Forget VAT -- why did they rule out a rise in income tax?

New Labour is not dead. It lives. Shame.

Who says "New Labour" is dead? Gordon Brown used the phrase seven times in his speech this morning in Birmingham, where he launched the party's general election manifesto.

The papers speculated on the Blairite tone of the document ahead of its publication -- including the Times, which predicted that the former leader's legacy would "flavour almost every page of Labour's manifesto".

And, lo and behold, the Ed Miliband-drafted document is indeed sprinkled with copious references to so-called public-service reform, from "personalised" welfare to "more responsive" police to "direct control" over services.

But it is on taxation that the Labour manifesto sounds so frustratingly conservative, cautious and, yes, Blairite. "We will not raise the basic, higher and new top rates of tax in the next parliament," it proudly proclaims, echoing the 1997, 2001 and 2005 pledges.

Hmm. Why not?

Isn't the Budget deficit £167bn? And doesn't the first of the manifesto's "50 steps to a future fair for all" pledge to employ "fair taxes" to help "halve the deficit by 2014"? Is there a fairer tax than income tax?

If there is, it ain't VAT -- which, in the words of the leading tax accountant Richard Murphy, "is intently regressive -- meaning that the burden of the tax falls much more heavily on low-earnings households than it does on those with higher income".

Modern social democracy has to revolve around progressive, not regressive, taxation. Income tax is at the heart of progressive taxation, but you might not have guessed it from Labour's period in office. For 12 years, the government refused to touch the top rate of tax -- until, that is, the financial crisis and ballooning national debt forced Alistair Darling to introduce a new top-rate tax of 50p on the 300,000 people who earn in excess of £150,000 per annum. And as I wrote back in October, in the magazine:

It is conveniently forgotten that Thatcher only cut the top rate of tax, from 60 per cent to the current 40 per cent, in 1988; for nine of her 11 years in power, the darling of the Tory right, the Mother Thatcherite, presided over a higher top rate of tax than the one now being introduced by the "socialist" Brown.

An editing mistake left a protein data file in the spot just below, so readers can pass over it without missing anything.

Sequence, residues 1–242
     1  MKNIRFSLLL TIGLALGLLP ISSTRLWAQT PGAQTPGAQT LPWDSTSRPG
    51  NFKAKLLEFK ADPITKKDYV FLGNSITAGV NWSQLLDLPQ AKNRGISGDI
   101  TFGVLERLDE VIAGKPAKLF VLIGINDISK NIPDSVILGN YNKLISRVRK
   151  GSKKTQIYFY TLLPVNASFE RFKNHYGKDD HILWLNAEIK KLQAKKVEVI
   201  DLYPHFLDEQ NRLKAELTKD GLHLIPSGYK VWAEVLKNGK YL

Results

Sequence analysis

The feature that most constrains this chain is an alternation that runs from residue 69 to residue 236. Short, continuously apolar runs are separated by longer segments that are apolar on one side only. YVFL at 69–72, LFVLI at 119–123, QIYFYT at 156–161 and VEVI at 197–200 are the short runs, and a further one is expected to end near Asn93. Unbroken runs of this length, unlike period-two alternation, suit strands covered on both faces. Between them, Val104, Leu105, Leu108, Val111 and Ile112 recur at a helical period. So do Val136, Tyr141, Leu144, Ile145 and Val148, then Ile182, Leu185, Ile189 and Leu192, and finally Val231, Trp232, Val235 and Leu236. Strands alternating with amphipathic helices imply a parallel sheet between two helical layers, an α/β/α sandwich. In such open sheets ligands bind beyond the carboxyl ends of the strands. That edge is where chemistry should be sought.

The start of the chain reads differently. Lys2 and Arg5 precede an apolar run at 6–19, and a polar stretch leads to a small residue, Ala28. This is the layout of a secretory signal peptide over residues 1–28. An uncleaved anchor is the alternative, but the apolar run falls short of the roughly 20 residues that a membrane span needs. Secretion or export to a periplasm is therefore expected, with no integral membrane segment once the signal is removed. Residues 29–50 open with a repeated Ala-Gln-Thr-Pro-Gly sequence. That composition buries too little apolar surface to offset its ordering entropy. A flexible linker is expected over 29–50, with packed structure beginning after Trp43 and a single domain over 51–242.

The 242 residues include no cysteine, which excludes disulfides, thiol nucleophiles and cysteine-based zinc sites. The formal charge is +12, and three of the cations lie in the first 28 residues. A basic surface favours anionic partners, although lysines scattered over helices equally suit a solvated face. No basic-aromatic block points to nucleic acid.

In fact, the basic rate was cut, not raised, during Labour's 13-year period in office to its current (low) level of 20p, a move paid for by the abolition of the 10p tax band on low earners -- which is thought to have contributed to the party's disastrous by-election defeat in Crewe and Nantwich in 2008.

So I'm disappointed to see Brown, Darling, Miliband et al pledging not to deviate from the old, outdated and cautious New Labour orthodoxy on income tax, while refusing to rule out a rise in regressive VAT. Have they learned nothing? The 50p top-rate tax has been hugely popular with voters; the abolition of the 10p rate has been unpopular and electorally damaging.

Times have changed. This is not the Seventies, nor even the Eighties. In the wake of the worst financial crisis in living memory, caused by bonus-hungry bankers and financiers, the public, in effect, wants the pips to squeak. Haunted by its demons and deferring to a right-wing media echo chamber, Labour -- or, should I say, "New Labour" -- has missed an open goal.

 

UPDATE: On the subject of progressive taxation, I forgot to add that the Lib Dems today launched a blistering but slightly disingenuous attack on Labour's "unfair" tax record, publishing an analysis of Treasury figures which shows that the amount of tax paid by the poorest has gone up over the past 13 years.

The Fabians' Sunder Katwala has issued a rejoinder here. And the economists Stuart Adam and Mike Brewer, from the Institute for Fiscal Studies, have responded thus:

The Liberal Democrats have, once again, claimed that the poor pay more of their income in tax than the rich, and that this gap has got larger under Labour. But, by ignoring the fact that the poor get most of this income from the state in benefit and tax credit payments, and by overstating the extent to which indirect taxes are paid by the poor, this comparison is meaningless at best and misleading at worst.

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Mehdi Hasan is a contributing writer for the New Statesman and the co-author of Ed: The Milibands and the Making of a Labour Leader. He was the New Statesman's senior editor (politics) from 2009-12.